by Emily Neil
02/19/2018 - 17:55
Strengthening School Safety
Following one of the ten deadliest mass shootings in U.S. history at Florida high school last week, students and teachers across the country are questioning the safety of their schools.
After a shooter killed 17 students at Marjory Stoneman Douglas High School in Parkdale, Florida on Feb. 14, local schools in the greater Philadelphia area have begun to reassess and tighten security procedures, including doubling down on training in case of a shooting incident or similar emergency for staff, students, first responders, and law enforcement.
Two events reported in the days immediately following the Florida shooting highlighted the fear for local schools of a violent incident occurring closer to home. On Feb. 15, one day after the Florida shootings, a student in the South Jersey high school Eastern Regional was arrested when he allegedly threatened to “shoot up the school,” according to an article published in the Philadelphia Inquirer. The student was not found to be in possession of weapons, and currently charges of second-degree false public alarm and third-degree terroristic threats, according to the article.
Just two days after the massacre in Florida, Wagner Middle School in Philadelphia was placed on lockdown when a student reported to school administrators that they thought they had seen another student in possession of a gun. After a thorough search, officers discovered the object in question was a toy gun a student had brought to school.
Other than the increased vigilance championed by schools in cases such as these, with administrators emphasizing the need to report suspicious behavior and take immediate action, school administrators and staff are still grappling with the question of what are the best policies to prevent or, at the worst, prepare for a possible active shooter on school grounds.
For Marisa Porges, head of school at the Baldwin School, an all girls’ independent school in the area, the answer is increased security and attention to students’ mental health. She wrote in an op-ed in the Philadelphia Inquirer following the shooting that her school has taken security measures seriously, and has invested in the resources and training necessary to protect the school and facilitate emergency response if a shooting were to occur.
“At my school, we introduced a range of technical and manual oversight systems to safeguard our students, including swipe access into buildings, cameras at entrances, and an unarmed guard who roams school grounds to ensure unusual activity does not go unnoticed. Every year we invest in new technology and update our emergency response procedures, and do regular drills to ensure the girls and our staff grow comfortable with how to respond in extremis situations. The key is to ensure school feels like a second home to our students, even as additional safety and security mechanisms are introduced.”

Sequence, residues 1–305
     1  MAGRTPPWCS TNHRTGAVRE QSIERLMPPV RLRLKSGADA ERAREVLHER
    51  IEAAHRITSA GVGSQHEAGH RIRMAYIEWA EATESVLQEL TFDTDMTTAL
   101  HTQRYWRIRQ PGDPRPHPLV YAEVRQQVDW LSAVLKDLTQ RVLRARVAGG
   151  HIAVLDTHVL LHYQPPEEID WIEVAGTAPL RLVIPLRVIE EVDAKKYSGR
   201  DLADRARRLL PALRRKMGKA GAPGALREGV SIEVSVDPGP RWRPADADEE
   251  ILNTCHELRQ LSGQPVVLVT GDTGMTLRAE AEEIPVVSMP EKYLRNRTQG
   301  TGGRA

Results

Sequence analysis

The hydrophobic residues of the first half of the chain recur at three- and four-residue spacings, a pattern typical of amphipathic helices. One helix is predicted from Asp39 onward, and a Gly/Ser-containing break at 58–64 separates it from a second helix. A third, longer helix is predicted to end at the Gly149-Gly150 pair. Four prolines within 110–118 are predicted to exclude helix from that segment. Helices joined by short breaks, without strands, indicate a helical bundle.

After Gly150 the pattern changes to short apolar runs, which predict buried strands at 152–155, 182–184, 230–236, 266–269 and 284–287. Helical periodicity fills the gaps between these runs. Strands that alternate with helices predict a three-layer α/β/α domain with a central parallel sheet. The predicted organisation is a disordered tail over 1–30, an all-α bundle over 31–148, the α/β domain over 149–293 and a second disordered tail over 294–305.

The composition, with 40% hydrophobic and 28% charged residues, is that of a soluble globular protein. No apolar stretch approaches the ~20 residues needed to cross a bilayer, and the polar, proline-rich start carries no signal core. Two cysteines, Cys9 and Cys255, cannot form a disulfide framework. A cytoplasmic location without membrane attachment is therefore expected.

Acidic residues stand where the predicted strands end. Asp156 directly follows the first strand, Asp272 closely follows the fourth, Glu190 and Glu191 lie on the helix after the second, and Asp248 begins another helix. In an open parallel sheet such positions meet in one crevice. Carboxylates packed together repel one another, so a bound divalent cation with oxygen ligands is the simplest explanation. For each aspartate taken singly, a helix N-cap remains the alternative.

Porges, who is also a former naval flight officer in the U.S. Navy, emphasized that preventative emotional support for students is also key in identifying students who may be struggling with mental health issues and violent tendencies.
“This whole-system approach supports our students’ mental health development and improves overall school climate, underlying factors that can lead to school violence,” Porges wrote.
Porges and other school administrators nationwide who are addressing their schools’ security in the aftermath of the Florida school shootings have acknowledged that these are strategies and policies that schools must follow and implement given the reality of the lack of gun control in the U.S. — a status quo that many students are now trying to change.
Students from Marjory Stoneman Douglas High School who survived last week’s shooting and lost friends and classmates in the rampage are calling for congressional action on gun control. Many have joined other students across the country in a movement to demand immediate legislation on guns, with a demonstration called March for Our Lives set to take place in Washington, D.C. on March 24.
CNN is also planning to host and televise a town hall on Wednesday led by students who survived the shooting and parents that were affected, titled "Stand Up: The Students of Stoneman Douglas Demand Action.” Lawmakers that have so far accepted an invitation to attend the town hall include Florida Rep. Ted Deutch, Sen. Bill Nelson and Sen. Marco Rubio, while Florida Gov. Rick Scott and President Trump both declined the invitation to speak to the students and parents, with Gov. Scott citing his duties in state legislative sessions in Tallahassee.
Meanwhile, many politicians such as Vice President Mike Pence have suggested that the political response to the tragedy focus on increased preventative support for mental illness, as well as safety and security procedures in schools, rather than gun control legislation.
There have been 17 school shootings so far this year, according to a study conducted by Everytown for Gun Safety. The activist group defines a school shooting as any time a gun has gone off on school grounds while school was in session. One of the 17 school shootings recorded by the group occurred locally; a 32-year-old man was shot and killed outside of Lincoln High School in Philadelphia in what was described as a fight during a basketball game.